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August 2014

Demonstrating Pragmatic Solidarity through Sports and Beyond

Adam Russell Taylor's picture
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Demonstrating Pragmatic Solidarity through Sports and Beyond
Organizers of Match for Peace present Pope Frances' football shirts.
Credit: Match for Peace

On Sept. 1, leading football stars from multiple faiths will come together to play in a watershed Interreligious Match for Peace, supported by Connect4Climate of the World Bank Group.

At its best, sport possesses the power to bring out the best of the human spirit, particularly in moments when athletes display remarkable teamwork and sportsmanship. By affirming shared aspirations, religion and sport share the profound capacity to bring people together across the boundaries of race, nationality, income, and more. 

Progress in the Millennium

Mahmoud Mohieldin's picture
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Progress in the Millennium
The “What Will It Take” campaign let people share their ideas on ending poverty.
​© Simone D. McCourtie/World Bank.

In September 2000, world leaders committed to the Millennium Development Goals.

Until then, few dared to imagine goals such as eradicating extreme poverty and hunger, universalizing access to education or reducing maternal mortality would be possible. Now, with 500 days left before the end of 2015, the MDGs are less a leap of imagination and more of a challenge that many leaders feel is within reach.

How to Stop Ebola — and the Next Outbreak

Jim Yong Kim's picture
Also available in: العربية | Español | Français | 中文


​For only the third time in its 66-year history, the World Health Organization has declared a global public health emergency. This time it is for the Ebola outbreak in the three West African countries of Guinea, Liberia, and Sierra Leone. After their traumatic ordeal in recent months, governments and communities in those three countries are looking desperately for signs that Ebola can be stopped in its tracks.

As medical doctors who understand well both the continent of Africa and infectious disease control, we are confident that the Ebola virus disease response plan, led both by the countries and the World Health Organization, can contain this Ebola outbreak and, in a matter of months, extinguish it. Let's also keep in mind that this is not an African problem, but a humanitarian one that happens to occur in a small part of Africa.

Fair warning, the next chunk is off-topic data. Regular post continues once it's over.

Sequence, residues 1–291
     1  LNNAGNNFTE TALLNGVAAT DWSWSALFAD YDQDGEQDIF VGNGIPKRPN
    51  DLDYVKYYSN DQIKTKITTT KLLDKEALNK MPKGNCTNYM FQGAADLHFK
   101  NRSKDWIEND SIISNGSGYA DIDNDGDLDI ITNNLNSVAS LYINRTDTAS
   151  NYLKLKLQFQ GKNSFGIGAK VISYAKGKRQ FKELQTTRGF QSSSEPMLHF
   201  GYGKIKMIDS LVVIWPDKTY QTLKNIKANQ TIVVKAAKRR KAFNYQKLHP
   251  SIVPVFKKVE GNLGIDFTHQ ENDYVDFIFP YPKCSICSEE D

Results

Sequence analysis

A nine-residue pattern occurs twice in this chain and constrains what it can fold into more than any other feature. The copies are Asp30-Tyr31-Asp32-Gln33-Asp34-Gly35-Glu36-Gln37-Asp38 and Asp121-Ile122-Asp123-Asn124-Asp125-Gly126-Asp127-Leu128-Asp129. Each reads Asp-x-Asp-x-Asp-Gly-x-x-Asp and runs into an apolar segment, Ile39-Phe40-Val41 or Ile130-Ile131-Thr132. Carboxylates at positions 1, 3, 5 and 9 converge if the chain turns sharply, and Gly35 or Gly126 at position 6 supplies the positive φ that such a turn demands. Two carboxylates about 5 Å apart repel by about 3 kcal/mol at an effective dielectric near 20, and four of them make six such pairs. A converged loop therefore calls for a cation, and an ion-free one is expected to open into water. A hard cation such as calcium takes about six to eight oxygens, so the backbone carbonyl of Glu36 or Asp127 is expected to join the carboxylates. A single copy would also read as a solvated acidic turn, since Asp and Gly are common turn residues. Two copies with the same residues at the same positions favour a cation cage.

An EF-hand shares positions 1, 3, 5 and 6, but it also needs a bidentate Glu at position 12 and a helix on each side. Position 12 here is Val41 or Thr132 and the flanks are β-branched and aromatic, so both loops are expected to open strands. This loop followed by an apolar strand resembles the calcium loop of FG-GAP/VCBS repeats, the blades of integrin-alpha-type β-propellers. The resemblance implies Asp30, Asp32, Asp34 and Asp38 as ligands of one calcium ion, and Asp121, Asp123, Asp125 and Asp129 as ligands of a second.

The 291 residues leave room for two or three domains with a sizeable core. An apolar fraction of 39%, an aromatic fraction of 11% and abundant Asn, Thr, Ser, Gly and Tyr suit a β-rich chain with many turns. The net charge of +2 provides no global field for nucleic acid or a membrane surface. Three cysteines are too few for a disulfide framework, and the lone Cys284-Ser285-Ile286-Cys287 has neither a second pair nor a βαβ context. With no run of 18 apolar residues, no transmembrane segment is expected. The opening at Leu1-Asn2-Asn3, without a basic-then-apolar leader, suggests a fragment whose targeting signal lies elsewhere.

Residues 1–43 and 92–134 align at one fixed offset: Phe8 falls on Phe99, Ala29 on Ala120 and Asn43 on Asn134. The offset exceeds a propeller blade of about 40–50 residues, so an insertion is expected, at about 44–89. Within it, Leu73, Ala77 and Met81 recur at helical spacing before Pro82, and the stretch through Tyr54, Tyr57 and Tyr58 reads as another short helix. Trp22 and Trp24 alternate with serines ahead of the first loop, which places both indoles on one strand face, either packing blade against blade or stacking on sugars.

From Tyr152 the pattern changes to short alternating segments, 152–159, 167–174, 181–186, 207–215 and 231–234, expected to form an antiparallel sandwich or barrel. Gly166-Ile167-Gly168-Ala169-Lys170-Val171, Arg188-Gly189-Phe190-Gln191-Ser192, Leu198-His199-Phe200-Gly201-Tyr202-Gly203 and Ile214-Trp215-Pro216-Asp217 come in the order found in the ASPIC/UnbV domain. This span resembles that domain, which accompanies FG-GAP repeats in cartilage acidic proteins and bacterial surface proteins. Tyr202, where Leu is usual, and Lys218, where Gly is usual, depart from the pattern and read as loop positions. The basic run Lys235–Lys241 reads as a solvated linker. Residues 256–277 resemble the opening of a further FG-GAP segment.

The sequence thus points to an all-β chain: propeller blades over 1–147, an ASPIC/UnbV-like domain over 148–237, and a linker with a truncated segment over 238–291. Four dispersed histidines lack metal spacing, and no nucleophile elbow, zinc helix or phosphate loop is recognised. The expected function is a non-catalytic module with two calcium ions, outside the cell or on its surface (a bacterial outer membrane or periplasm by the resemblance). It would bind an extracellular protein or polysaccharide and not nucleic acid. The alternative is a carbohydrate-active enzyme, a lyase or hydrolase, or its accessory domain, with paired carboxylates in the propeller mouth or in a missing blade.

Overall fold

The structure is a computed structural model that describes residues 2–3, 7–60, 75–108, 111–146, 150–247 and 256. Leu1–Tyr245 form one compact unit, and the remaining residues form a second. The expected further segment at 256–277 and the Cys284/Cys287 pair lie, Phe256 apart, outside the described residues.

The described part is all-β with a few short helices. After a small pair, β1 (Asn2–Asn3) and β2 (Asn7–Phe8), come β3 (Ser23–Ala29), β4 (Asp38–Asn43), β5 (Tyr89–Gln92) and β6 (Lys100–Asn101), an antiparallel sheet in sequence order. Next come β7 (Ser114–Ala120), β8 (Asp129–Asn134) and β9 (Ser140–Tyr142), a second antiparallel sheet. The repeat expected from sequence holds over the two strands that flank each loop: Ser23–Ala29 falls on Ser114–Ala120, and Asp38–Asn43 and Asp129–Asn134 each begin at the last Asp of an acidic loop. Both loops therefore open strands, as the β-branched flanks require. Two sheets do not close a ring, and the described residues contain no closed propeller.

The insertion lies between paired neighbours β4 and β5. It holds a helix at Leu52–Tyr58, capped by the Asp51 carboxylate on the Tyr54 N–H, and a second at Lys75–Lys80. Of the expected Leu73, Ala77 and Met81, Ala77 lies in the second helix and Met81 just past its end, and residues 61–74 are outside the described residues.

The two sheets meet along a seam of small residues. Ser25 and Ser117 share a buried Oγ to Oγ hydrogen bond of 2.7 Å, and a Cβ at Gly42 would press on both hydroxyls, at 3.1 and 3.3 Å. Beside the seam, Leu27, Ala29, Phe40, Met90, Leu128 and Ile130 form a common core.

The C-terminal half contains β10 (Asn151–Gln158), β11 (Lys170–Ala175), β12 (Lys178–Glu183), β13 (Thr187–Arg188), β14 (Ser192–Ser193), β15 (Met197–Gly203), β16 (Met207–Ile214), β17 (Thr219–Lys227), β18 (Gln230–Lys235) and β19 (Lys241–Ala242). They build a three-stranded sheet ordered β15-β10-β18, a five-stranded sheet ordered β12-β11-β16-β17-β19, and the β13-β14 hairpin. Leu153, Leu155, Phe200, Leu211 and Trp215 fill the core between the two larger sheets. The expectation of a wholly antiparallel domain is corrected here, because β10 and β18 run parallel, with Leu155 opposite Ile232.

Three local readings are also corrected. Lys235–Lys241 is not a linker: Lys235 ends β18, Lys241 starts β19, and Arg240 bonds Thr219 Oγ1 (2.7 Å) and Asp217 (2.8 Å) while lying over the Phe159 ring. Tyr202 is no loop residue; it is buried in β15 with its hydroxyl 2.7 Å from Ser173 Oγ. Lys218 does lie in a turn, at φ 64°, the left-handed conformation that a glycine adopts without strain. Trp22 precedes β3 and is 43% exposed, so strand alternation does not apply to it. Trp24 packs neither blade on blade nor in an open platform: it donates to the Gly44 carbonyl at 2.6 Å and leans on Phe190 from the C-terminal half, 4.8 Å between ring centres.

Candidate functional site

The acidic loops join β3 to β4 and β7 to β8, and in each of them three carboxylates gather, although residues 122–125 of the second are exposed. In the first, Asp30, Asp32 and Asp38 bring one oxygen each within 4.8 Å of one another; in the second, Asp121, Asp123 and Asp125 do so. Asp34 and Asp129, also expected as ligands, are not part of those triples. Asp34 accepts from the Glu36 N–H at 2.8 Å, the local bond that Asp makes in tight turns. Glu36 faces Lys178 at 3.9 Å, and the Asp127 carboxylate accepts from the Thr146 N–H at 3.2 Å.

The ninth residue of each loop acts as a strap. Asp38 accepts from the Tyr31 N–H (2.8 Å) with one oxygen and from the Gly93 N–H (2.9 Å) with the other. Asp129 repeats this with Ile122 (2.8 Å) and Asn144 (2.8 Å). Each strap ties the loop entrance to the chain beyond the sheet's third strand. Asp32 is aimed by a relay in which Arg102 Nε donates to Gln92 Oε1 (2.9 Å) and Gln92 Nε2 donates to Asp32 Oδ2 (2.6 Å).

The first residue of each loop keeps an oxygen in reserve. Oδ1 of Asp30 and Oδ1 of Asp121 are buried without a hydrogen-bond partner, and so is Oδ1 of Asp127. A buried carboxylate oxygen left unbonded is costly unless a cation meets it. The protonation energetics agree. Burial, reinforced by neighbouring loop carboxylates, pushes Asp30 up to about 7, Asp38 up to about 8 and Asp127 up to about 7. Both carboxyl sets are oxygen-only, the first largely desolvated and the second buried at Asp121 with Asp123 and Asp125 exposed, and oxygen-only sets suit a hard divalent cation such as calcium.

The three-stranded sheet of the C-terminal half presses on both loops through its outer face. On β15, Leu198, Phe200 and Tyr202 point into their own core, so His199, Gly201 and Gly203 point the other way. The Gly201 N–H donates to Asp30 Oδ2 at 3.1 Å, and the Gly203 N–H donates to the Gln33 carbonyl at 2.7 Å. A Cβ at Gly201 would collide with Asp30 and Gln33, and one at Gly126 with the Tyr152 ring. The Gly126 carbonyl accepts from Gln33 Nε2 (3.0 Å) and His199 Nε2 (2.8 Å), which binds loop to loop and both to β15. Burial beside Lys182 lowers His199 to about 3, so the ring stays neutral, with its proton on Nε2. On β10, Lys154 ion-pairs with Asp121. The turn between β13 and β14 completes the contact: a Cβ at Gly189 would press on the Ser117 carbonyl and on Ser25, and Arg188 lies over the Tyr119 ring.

Corruption Fight Aided by Technology

Jim Yong Kim's picture
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World Bank Group President Jim Yong Kim and Philippines President Benigno S. Aquino III on July 15, 2014. © Dominic Chavez/World Bank



Good governance is critical for all countries around the world today. When it doesn’t exist, many governments fail to deliver public services effectively; health and education services are often substandard; corruption persists in rich and poor countries alike, choking opportunity and growth. It will be difficult to reduce extreme poverty — let alone end it — without addressing the importance of good governance.

Disaster Risk: Using Capital Markets to Protect Against the Cost of Catastrophes

Michael Bennett's picture
Hurricane Sandy / NOAA
Hurricane Sandy / NOAA


In addition to their often devastating human toll, natural disasters can have an extremely adverse economic impact on countries. Disasters can be particularly calamitous for developing countries because of the low level of insurance penetration in those countries. Only about 1% of natural disaster-related losses between 1980 and 2004 in developing countries were insured, compared to approximately 30% in developed countries. This means the financial burden of natural disasters in developing countries falls primarily on governments, which are often forced to reallocate budget resources to finance disaster response and recovery. At the same time, their revenues are typically falling because of decreased economic activity following a disaster. The result is less money for government priorities like education or health, thereby magnifying the negative developmental impact of a disaster.

To address this problem, the World Bank Treasury has been helping our clients protect their public finances in the event of a natural disaster. The most recent innovation is our new Capital-at-Risk Notes program, which allows our clients to access the capital markets through the World Bank to hedge their natural disaster risk. Under the program, the World Bank issues a bond supported by the strength of our own balance sheet, and hedges it through a swap or similar contract with our client. The program allows us to transfer risks from our clients to the capital markets, where interest in catastrophe bonds is growing.